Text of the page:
We first had a hands-on with the Samsung ATIV Smart PC Pro (let’s just call it the ATIV Pro) prototype Ultrabook tablet way back in August 2012, and even then it was already showing its potential. With an Intel Core i5-3317U 1.7GHz processing platform that's hiding underneath its 11.6-inch full HD screen, this is why we consider it an Ultrabook even though its keyboard is detachable. Its concept is very similar to what we’ve seen on ASUS’s Transformer Android tablets, which come with keyboard docks that enhance the machine’s functionality.
Unfortunately, unlike the other tablets with such docks, the keyboard dock of the ATIV Pro does not contain an additional battery, which is quite disappointing. It actually reminds us of the Microsoft Surface Pro, except in this case the keyboard is a substantial additional 720 grams, unlike the thin and light optional keyboards for the Microsoft Surface tablets that weight just 250 grams.
The good thing about this form factor however, is that it allows users to just pick up the tablet and leave the additional heft (that is the keyboard dock) behind when they don’t need it. It also converts between its tablet and notebook forms quickly and painlessly. All you have to do, is to align the tablet’s slot onto the keyboard dock's magnetic connector, and it goes right in. While Samsung says that the magnets within the keyboard dock's connector subtly guide the tablet into place, in actual usage, we noticed no hint of magnets offering any assistance. Rather, the tablet's own weight and the docking slots pretty much assists this process as it locks into place with the keyboard dock.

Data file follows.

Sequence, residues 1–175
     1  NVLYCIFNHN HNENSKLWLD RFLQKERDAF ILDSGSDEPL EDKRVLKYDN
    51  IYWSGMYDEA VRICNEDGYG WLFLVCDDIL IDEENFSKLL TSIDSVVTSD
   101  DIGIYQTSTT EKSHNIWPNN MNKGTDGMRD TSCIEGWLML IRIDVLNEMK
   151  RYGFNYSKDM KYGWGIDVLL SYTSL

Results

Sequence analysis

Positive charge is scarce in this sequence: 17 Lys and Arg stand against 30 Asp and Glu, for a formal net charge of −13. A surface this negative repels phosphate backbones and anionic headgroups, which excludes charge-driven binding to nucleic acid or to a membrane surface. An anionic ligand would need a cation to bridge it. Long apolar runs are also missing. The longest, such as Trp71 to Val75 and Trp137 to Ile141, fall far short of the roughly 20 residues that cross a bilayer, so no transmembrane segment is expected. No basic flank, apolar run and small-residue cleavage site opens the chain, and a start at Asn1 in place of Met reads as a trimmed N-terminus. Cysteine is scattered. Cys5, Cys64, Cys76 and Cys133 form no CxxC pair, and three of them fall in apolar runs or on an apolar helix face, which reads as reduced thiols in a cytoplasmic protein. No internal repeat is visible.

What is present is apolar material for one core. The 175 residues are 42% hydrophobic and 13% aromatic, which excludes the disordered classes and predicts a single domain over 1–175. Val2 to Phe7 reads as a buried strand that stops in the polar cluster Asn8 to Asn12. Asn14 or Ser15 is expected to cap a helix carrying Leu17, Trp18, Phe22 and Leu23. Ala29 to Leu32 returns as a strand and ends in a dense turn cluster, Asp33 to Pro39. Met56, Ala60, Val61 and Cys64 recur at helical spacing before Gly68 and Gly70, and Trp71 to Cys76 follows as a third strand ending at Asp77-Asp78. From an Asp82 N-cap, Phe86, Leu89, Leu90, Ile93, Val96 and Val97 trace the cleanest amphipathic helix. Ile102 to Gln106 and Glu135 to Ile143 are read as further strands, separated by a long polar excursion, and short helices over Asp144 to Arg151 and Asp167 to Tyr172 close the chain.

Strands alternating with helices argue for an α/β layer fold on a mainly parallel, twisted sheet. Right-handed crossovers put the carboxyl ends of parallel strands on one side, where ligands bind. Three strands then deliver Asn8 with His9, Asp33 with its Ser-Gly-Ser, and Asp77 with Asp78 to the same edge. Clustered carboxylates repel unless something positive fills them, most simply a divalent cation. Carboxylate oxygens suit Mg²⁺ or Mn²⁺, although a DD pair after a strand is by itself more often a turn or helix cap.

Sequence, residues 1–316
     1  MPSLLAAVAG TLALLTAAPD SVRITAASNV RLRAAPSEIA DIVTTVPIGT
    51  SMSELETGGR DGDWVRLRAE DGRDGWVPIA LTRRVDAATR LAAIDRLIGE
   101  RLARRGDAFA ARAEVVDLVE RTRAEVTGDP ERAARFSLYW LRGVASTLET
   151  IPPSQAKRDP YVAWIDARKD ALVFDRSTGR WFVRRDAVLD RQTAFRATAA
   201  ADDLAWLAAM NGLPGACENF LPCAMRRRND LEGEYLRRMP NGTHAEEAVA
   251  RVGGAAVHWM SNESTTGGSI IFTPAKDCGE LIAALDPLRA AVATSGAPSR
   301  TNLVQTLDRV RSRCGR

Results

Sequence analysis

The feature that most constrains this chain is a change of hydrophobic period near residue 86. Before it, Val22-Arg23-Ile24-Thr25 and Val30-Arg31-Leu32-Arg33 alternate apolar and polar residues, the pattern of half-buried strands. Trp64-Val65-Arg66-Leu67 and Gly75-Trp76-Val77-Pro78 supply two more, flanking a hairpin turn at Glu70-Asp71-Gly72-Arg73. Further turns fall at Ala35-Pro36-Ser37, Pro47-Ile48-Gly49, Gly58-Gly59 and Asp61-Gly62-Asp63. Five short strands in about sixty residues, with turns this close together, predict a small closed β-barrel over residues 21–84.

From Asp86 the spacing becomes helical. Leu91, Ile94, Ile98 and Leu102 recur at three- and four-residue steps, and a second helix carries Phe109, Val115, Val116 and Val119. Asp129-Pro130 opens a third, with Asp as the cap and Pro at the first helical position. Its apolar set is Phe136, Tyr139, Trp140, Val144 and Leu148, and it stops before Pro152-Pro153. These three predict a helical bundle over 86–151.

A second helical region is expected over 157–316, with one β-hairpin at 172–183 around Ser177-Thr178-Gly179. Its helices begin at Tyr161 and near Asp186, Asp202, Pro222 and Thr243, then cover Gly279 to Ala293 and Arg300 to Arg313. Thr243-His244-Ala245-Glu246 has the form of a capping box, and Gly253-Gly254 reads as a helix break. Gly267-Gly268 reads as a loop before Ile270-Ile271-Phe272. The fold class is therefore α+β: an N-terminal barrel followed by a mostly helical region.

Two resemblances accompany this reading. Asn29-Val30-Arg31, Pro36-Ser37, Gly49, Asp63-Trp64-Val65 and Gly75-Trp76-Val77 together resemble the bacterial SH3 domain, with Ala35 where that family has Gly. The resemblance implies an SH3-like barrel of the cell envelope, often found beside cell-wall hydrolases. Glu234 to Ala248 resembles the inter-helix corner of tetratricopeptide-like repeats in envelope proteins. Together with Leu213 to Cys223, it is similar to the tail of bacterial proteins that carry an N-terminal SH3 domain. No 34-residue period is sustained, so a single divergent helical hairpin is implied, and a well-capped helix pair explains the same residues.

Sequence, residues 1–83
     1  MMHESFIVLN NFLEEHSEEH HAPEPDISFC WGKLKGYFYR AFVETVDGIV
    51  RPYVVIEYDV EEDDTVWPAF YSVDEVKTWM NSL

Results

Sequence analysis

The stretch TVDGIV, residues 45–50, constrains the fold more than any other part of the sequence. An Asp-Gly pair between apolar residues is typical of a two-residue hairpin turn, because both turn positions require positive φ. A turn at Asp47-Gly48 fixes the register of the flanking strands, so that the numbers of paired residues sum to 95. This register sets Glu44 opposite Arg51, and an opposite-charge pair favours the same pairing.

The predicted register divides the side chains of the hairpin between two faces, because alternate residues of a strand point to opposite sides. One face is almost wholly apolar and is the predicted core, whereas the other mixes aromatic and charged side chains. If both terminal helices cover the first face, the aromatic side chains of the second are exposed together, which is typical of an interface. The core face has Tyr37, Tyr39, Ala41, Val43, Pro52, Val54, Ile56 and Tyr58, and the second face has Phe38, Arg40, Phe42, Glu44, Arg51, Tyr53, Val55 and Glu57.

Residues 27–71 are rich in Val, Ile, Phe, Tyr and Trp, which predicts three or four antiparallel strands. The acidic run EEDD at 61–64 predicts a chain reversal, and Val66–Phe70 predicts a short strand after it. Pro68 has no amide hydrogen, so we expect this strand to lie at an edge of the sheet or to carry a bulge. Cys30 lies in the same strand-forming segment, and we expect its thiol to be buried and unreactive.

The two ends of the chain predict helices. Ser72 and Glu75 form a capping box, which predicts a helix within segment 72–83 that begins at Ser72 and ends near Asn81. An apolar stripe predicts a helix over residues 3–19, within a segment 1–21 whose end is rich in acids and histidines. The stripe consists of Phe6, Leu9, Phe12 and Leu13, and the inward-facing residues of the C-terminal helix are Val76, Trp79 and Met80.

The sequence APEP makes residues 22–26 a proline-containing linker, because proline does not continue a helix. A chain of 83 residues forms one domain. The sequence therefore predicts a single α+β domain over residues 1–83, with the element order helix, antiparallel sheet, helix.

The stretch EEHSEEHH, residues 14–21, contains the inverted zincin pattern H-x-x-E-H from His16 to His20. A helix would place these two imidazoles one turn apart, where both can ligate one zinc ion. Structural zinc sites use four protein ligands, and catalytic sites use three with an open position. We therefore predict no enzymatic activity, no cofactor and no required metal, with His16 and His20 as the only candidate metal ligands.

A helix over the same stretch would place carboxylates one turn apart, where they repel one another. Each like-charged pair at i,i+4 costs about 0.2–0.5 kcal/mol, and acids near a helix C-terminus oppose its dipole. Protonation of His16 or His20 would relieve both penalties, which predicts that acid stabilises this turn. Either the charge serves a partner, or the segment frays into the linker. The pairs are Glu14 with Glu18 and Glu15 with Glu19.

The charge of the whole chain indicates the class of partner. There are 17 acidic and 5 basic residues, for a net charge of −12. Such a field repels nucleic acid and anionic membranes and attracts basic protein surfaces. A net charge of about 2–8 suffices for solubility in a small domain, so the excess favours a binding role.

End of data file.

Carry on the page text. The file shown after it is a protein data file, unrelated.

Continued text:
Once in, the notebook's tablet and keyboard portions feel secure, and we could not detect any hint of looseness no matter how hard we shook the device. Credit to Samsung for paying attention to such a small but important detail to convince users of its sturdy and dependable design. The single aluminum hinge that is formed from putting the tablet and keyboard dock together is also quite rigid, keeping the 888g tablet in place between 0 (when closed) and 100 degrees (when open). Take note that the hinge design doesn't allow you to tilt the screen (or tablet) and further and that may be a limitation for some users.